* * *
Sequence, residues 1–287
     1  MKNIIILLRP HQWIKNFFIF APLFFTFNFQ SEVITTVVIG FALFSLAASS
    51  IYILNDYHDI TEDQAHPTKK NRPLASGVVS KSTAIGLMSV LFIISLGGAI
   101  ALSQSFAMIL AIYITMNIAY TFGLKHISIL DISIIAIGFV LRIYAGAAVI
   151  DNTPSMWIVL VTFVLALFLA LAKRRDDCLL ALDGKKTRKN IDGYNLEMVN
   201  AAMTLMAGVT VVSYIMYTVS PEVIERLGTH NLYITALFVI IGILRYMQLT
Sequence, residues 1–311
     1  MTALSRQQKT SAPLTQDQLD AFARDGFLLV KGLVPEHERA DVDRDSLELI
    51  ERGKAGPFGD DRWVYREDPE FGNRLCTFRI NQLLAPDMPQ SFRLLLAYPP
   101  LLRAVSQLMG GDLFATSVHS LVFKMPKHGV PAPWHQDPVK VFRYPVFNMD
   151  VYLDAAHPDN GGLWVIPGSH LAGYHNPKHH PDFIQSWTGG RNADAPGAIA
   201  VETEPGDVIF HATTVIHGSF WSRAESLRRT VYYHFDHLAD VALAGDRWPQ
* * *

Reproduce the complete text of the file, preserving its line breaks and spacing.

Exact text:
Sequence, residues 1–287
     1  MKNIIILLRP HQWIKNFFIF APLFFTFNFQ SEVITTVVIG FALFSLAASS
    51  IYILNDYHDI TEDQAHPTKK NRPLASGVVS KSTAIGLMSV LFIISLGGAI
   101  ALSQSFAMIL AIYITMNIAY TFGLKHISIL DISIIAIGFV LRIYAGAAVI
   151  DNTPSMWIVL VTFVLALFLA LAKRRDDCLL ALDGKKTRKN IDGYNLEMVN
   201  AAMTLMAGVT VVSYIMYTVS PEVIERLGTH NLYITALFVI IGILRYMQLT
Sequence, residues 1–311
     1  MTALSRQQKT SAPLTQDQLD AFARDGFLLV KGLVPEHERA DVDRDSLELI
    51  ERGKAGPFGD DRWVYREDPE FGNRLCTFRI NQLLAPDMPQ SFRLLLAYPP
   101  LLRAVSQLMG GDLFATSVHS LVFKMPKHGV PAPWHQDPVK VFRYPVFNMD
   151  VYLDAAHPDN GGLWVIPGSH LAGYHNPKHH PDFIQSWTGG RNADAPGAIA
   201  VETEPGDVIF HATTVIHGSF WSRAESLRRT VYYHFDHLAD VALAGDRWPQ